A gifted talmid of both Rav Elchanan Wasserman zt”l in the Ohel Torah Yeshiva in Baranovitch and then Rav Aharon Kotler zt”l in the Kletzk Yeshiva (Zaidy z”l was only 17 when he received smichah – rabbinic ordination – from Rav Kotler) before the war, Zaidy z”l later earned an engineering degree from the University of Moscow.

SurvivorsZaidy z”l (standing, in the hat) teaches other survivors in the DP camp in Frankfurt in 1946.

Throughout his life, learning Torah was Zaidy’s greatest joy, and after a long, hard day working to support his family, he would “unwind” with a sefer.

ChanukahA family member watches as Zaidy a”h and I light the candles – Chanukah 5731 (December 1970).

Nine years after the above picture was taken, my family was living in Israel on a sabbatical, when Zaidy z”l suddenly passed away - on Shabbat Zot Chanukah 5740 (December 1979).

Some two weeks later, we received an extraordinary letter (written on an aerogram - remember those??) from him. Apparently, he had dropped it into the mailbox on his way to shul on Erev Shabbat – i.e. just a few hours before he died.

What follows is an incredibly moving excerpt (edited slightly for clarity) from that remarkable letter:

“…With Hashem’s help, our letter will find you all in good health and high spirits. Amen.

“We are, thank Hashem, fine. It is already the 6th day of Chanukah, and usually you are all here. Mommy prepares the pancakes; [REDACTED] takes them sledding in the snow; and we pass out the Chanukah presents to the kids.

“This year, there is no snow yet. The kids and you all are far away in far away places; and the presents for the kids are somewhere; and a mailman will do chores instead of our pleasure.

“But as they say, count your blessings. Thank Hashem for [having] been blessed with children who have chosen to follow in the שביל הזהב (the Golden Path), who are שומרי תורה ומצוות (observe the Torah and the mitzvot) and [are] bringing up their own children to do the same.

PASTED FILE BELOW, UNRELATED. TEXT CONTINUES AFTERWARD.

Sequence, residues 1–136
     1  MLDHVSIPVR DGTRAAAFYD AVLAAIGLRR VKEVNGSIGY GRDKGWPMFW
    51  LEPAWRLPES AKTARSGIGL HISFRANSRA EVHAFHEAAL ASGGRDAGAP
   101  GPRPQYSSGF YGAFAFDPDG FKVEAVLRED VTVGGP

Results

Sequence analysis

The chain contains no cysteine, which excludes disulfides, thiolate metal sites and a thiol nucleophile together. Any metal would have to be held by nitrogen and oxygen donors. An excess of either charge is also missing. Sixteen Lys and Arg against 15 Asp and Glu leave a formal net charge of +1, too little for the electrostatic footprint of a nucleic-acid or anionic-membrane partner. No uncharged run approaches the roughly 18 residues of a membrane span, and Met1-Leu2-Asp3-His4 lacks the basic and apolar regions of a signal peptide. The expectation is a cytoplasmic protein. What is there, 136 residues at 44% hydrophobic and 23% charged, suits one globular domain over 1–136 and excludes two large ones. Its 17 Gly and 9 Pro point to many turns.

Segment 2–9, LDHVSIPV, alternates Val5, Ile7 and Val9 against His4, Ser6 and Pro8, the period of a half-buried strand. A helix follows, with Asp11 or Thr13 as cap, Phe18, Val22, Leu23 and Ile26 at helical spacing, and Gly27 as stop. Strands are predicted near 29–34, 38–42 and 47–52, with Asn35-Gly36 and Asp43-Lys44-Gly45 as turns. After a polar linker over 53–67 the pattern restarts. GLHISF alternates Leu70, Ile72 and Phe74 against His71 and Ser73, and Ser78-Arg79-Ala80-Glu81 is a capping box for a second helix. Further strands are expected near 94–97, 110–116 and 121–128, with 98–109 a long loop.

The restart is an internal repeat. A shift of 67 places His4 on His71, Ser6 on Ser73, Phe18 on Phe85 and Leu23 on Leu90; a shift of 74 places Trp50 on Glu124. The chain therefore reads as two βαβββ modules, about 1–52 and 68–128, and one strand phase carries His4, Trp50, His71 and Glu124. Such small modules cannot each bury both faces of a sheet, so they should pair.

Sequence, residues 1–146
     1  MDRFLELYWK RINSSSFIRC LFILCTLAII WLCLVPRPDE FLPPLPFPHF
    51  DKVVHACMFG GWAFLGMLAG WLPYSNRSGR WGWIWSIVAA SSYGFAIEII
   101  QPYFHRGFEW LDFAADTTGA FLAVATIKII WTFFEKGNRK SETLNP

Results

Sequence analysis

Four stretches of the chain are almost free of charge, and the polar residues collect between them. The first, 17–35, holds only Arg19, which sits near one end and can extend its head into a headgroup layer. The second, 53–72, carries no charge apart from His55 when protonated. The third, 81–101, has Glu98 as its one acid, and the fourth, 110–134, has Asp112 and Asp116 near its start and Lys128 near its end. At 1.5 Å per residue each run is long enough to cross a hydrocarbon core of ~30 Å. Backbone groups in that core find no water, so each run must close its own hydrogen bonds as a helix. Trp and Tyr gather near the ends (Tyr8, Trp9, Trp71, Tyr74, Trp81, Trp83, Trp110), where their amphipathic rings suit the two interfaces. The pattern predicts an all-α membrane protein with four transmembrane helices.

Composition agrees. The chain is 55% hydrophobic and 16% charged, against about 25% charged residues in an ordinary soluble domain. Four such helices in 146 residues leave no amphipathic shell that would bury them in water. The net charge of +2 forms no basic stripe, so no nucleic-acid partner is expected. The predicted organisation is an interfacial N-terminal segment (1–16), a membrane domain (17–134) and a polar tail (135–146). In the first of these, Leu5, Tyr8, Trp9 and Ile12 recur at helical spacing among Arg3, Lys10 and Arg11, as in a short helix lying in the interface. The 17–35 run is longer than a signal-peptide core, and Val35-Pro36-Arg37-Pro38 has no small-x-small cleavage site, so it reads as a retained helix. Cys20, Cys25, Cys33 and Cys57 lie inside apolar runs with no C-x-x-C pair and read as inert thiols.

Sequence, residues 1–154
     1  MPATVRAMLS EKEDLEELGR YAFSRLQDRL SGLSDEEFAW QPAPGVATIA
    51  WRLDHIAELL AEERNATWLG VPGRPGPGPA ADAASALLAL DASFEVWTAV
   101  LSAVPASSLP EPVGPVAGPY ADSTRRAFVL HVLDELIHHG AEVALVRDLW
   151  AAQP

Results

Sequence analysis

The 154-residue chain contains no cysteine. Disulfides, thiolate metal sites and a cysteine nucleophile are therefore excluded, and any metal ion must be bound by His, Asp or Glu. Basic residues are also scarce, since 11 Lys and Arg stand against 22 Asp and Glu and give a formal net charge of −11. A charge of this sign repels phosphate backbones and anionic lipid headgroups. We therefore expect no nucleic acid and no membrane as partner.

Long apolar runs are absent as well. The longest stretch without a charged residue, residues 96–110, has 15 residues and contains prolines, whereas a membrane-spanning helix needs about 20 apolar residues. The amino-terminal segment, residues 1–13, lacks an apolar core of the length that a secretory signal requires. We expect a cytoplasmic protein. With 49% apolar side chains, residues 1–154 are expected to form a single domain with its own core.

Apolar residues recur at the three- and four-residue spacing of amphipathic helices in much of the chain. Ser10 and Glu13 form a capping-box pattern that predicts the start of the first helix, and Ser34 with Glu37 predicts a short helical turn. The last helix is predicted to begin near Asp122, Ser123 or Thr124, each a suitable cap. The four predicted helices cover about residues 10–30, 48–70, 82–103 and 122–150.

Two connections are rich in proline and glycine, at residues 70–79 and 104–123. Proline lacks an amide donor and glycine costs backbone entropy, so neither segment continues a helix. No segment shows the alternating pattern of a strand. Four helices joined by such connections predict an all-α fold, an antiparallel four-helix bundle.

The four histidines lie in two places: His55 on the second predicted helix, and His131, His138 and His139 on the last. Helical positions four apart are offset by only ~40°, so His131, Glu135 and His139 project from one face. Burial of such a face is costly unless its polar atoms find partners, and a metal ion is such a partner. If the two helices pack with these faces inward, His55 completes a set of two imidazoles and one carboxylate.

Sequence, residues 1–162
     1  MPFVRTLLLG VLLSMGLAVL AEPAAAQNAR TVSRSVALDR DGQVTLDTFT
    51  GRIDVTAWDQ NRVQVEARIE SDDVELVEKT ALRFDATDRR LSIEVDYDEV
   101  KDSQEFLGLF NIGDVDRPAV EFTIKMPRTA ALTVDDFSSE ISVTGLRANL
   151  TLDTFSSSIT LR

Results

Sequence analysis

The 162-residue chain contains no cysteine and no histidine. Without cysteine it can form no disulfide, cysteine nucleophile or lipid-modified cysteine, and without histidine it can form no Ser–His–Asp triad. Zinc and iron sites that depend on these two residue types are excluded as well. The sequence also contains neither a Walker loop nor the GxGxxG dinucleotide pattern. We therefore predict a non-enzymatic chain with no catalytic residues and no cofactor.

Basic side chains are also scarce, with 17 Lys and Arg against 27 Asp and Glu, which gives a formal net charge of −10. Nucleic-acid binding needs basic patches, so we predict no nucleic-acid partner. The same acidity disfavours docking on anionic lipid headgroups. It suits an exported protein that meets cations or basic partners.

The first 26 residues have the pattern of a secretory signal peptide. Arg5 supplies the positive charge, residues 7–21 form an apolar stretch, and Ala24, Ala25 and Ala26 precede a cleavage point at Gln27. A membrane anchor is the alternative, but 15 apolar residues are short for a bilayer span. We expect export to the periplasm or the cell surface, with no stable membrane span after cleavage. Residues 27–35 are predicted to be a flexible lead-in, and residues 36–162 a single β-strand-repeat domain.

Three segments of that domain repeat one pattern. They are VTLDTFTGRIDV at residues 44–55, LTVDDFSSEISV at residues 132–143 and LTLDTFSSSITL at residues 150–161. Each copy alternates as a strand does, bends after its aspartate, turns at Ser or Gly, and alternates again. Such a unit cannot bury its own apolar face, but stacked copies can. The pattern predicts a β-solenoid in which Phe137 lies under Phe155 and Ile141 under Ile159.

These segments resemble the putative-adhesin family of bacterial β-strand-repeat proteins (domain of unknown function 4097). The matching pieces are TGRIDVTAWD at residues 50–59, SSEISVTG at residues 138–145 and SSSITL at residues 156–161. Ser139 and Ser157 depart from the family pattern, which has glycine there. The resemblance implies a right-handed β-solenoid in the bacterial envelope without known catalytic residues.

“This is the real meaning of מסורה (Jewish tradition) – to transfer the Torah and her commandments as it was given to our forefathers on הר סיני (Mount Sinai), not to add or deduct.

“Our parents planted the seeds in us. We did the same to our children, and you are doing the same to your children.

“Let us pray [that] the seeds you are planting will bear fruit. Amen…”


May Zaidy’s memory be blessed, and may Zaidy and Bobi’s children, grandchildren, and great-grandchildren be privileged to continue along the path set out by our special parents, grandparents, and great-grandparents z”l.


Monday, December 2, 2013

Heblish: Chanukah Edition

What does Chanukah have to do with Heblish?

Well, on a simple level, most of the Shiputzim kids (except for those who are currently serving and protecting Am Yisrael in Eretz Yisrael according to Torat Yisrael) are home all week on vacation – which naturally means that the Heblishisms have been flying fast and furious around TRLEOOB*.

But there’s also a deeper connection between Chanukah and Heblish.

You see, Chanukah famously commemorates the fact that the Maccabees thought they only had enough oil for one day, but miraculously, it ended up lasting for eight days.

Similarly, I thought that I only had enough Heblishisms for one post, but miraculously, it ended up lasting for over five years…

Open-mouthed smile

And now, without further ado, here’s the 23rd (!!) batch of entries (ken yirbu…) from the Official Our Shiputzim Heblish-English Dictionary:

Didn’t do nothing: Hebrew source - לא עשה כלום. English definition – Didn’t do anything. Sample usage – “We passed some cows on our tiyul. They were just lying there, and they didn’t do nothing.”

That what: Hebrew source – זה מה. English definition – That’s what. Sample usage – “That what I meant.”

Girl/boy: Hebrew source – בת\בן. English definition – Daughter/son. Sample usage – “Today my teacher brought her girl with her to school.”

Borrow for me: Hebrew source – להשאיל לי. English definition – Lend me. Sample usage – “Does anyone have a pencil to borrow for me?”

Low/high: Hebrew source – נמוך\גבוה. English definition – Short/tall. Sample usage – “All the low girls stood in front, and all the high girls stood in the back.”

Open-mouthed smile

!חג אורים שמח

Please submit your family’s favorite Heblishisms, and I’ll be glad to include them in a future post. You can leave a comment at the bottom of this post or send an email to OurShiputzim at gmail dot com.


Previous Heblish editions are available here: Heblish I, Heblish II, Heblish III, Heblish IV, Heblish V, Heblish VI, Heblish VII, Heblish VIII, Heblish IX, Heblish X, Heblish XI, Heblish XII, Heblish XIII, Heblish XIV, Heblish XV, Heblish XVI, Heblish XVII, Heblish XVIII, Heblish XIX, Heblish XX, Heblish XXI, and Heblish XXII.


*TRLEOOB=the real life equivalent of our blog